5. Elderly Chinese have some interesting practices to keep fit.

Take a gander to the park any day of the week before 8AM and you’ll find elderly Chinese walking backward and slapping themselves. Walking backward is believed to keep the spine healthy as the body is forced to stand up straight and lean slightly backward in order to stay balanced. Slapping themselves on the arms, shoulders, and back is a sort of massage, keeping blood flowing to these areas of the body. This all includes some extreme speculation on my part as there is nothing to back this up other than hearsay and folktales.

6. Vigilance is extremely important both as a pedestrian and as a passenger.

For every 100,000 motor vehicles in China, there are 104.5 road fatalities each year. In the United States, this number is much lower at 12.9. Before visiting, it’s important to understand the underlying causes of this terrifying statistic. In 1990, only 5.5 million people owned cars. That’s 0.5% of the country’s total population. In only 20 years, the numbers of cars owned increased to 70 million, or 5.2% of the population. With that said, the dire statistics of automobile accidents in China does not rest solely on the increase in the number of cars on the road. We must also consider the history of transportation in China and the education each citizen is provided with before they begin to drive.

The majority of Chinese drivers today did not grow up in the backseat, kicking their feet to the latest sing-along on their way to summer camp. The average citizen did not have the resources to buy an automobile 25 years ago. Today, when wanting to obtain a driver’s license, a written exam must first be passed. There is not a course to take, nor a teacher to guide you, simply a handbook that must be memorized. With a passing score on the written exam, one may begin driving lessons. Neither the driving lessons nor the final exam, include driving in a realistic environment, therefore the success of the students is almost guaranteed. Parallel parking is rarely mentioned nor is the importance of maintaining a constant speed. I’m often suffering from motion sickness in the backseat when traveling more than 20 minutes on the freeway because most drivers only know how to go fast and how to brake sharply, forcing my body to remain in a constant forward and backward gravitational pull that eventually has me feeling quite uncomfortable.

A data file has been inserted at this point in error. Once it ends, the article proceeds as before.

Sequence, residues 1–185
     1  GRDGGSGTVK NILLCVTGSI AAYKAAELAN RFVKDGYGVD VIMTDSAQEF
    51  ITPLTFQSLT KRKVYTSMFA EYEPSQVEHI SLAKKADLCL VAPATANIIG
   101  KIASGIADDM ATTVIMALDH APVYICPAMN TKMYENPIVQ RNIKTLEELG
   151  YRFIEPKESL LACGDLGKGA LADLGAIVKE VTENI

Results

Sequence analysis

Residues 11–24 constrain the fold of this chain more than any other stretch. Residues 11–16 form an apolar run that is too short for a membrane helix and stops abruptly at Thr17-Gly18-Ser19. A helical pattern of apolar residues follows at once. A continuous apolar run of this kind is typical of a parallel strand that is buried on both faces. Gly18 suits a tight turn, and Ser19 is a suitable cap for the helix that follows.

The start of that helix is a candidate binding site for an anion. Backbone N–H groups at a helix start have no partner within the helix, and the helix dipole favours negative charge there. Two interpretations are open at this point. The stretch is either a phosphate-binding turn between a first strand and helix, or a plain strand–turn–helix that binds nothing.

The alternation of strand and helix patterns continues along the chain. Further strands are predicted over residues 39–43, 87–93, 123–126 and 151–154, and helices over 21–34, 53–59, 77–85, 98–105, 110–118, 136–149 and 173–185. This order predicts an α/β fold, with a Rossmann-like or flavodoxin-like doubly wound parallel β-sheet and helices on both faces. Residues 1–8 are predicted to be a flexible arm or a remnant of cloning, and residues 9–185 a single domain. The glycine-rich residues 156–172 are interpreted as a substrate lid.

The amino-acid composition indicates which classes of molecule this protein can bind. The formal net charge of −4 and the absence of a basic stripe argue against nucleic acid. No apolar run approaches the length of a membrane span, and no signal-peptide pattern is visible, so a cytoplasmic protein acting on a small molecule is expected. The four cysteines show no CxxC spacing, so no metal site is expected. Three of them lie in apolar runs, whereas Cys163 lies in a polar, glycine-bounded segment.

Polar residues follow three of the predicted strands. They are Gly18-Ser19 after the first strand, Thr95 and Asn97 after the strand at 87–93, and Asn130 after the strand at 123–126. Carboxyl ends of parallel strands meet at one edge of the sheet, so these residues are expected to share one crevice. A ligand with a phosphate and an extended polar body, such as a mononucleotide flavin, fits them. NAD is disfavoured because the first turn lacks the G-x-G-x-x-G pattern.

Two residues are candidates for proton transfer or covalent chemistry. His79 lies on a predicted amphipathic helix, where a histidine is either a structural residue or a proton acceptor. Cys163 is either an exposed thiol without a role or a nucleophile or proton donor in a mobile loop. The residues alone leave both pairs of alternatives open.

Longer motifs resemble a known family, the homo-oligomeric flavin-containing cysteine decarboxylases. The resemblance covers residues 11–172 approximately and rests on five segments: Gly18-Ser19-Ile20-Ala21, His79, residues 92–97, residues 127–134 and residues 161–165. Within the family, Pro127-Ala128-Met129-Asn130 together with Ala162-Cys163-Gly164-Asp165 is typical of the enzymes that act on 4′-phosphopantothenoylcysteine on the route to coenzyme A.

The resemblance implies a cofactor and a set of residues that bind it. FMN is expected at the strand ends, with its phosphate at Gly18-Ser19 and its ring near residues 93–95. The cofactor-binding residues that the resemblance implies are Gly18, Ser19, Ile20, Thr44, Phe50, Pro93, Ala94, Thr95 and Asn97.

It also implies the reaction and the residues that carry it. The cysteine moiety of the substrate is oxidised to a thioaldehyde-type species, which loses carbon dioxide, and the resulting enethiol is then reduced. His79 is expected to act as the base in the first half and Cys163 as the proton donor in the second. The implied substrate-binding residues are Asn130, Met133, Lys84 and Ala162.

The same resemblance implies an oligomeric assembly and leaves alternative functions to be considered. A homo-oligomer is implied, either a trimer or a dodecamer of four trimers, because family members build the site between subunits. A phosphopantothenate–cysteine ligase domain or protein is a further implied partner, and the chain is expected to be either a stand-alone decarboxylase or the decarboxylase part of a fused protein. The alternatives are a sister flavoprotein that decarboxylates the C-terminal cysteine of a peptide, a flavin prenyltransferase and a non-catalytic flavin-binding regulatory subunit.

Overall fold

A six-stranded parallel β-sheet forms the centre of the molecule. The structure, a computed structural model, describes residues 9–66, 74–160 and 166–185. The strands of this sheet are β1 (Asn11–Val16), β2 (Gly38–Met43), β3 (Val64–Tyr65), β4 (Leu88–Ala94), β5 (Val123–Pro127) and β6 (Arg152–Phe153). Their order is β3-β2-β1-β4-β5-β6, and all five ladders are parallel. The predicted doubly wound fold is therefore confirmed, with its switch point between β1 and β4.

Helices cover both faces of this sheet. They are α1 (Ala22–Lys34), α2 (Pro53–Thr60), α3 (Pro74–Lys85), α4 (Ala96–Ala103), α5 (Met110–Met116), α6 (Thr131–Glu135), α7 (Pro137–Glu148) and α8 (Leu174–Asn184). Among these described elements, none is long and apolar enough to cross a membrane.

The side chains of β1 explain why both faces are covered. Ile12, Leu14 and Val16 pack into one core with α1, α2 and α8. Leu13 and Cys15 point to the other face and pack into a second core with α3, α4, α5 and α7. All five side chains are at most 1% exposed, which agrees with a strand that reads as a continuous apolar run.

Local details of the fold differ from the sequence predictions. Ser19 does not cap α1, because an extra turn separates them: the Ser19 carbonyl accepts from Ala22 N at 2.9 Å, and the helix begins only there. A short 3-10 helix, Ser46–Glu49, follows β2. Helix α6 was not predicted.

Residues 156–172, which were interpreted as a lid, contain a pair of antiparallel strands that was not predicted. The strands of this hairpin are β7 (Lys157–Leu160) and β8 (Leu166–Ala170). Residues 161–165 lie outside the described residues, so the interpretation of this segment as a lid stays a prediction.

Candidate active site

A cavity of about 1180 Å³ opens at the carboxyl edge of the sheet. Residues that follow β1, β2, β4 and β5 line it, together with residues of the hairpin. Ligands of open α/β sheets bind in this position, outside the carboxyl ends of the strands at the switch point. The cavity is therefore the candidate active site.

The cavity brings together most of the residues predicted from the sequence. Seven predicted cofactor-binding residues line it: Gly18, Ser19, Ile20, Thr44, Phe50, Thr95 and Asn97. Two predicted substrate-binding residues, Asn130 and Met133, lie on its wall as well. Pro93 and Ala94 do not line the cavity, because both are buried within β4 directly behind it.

7. If it’s summertime, you’re going to see a lot of Chinese men with their bellies hanging out.

When the weather becomes hot and humid, Chinese men will roll up their shirt, letting their belly hang out. Many men will claim that this practice helps them to cool off and that Chinese medicine supports the idea. Eastern medicine practitioners have fought back, claiming that there is no support for this within Chinese medicine’s theories. Whether or not it helps one to cool off, prepare for unfit bellies hanging out.

8. You shouldn’t skip the Impressions performances.

Zhang Yimou was the Chief Director of the opening and closing ceremonies for the 2008 Beijing Summer Olympics. Among an innumerable amount of projects, he has put together three culturally rich performances around China, known as Impressions. These performances showcase the ethnic minorities and their way of life. They can be found in Yangshuo, Hangzhou, and Lijiang and are not to be missed, seriously.